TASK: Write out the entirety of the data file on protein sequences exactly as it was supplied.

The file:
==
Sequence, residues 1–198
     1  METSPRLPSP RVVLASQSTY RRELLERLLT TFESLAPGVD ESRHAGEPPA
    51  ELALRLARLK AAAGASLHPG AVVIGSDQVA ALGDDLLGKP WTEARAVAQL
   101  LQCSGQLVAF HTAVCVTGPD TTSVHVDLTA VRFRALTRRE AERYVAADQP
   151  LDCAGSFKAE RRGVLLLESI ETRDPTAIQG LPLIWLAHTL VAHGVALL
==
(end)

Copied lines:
Sequence, residues 1–198
     1  METSPRLPSP RVVLASQSTY RRELLERLLT TFESLAPGVD ESRHAGEPPA
    51  ELALRLARLK AAAGASLHPG AVVIGSDQVA ALGDDLLGKP WTEARAVAQL
   101  LQCSGQLVAF HTAVCVTGPD TTSVHVDLTA VRFRALTRRE AERYVAADQP
   151  LDCAGSFKAE RRGVLLLESI ETRDPTAIQG LPLIWLAHTL VAHGVALL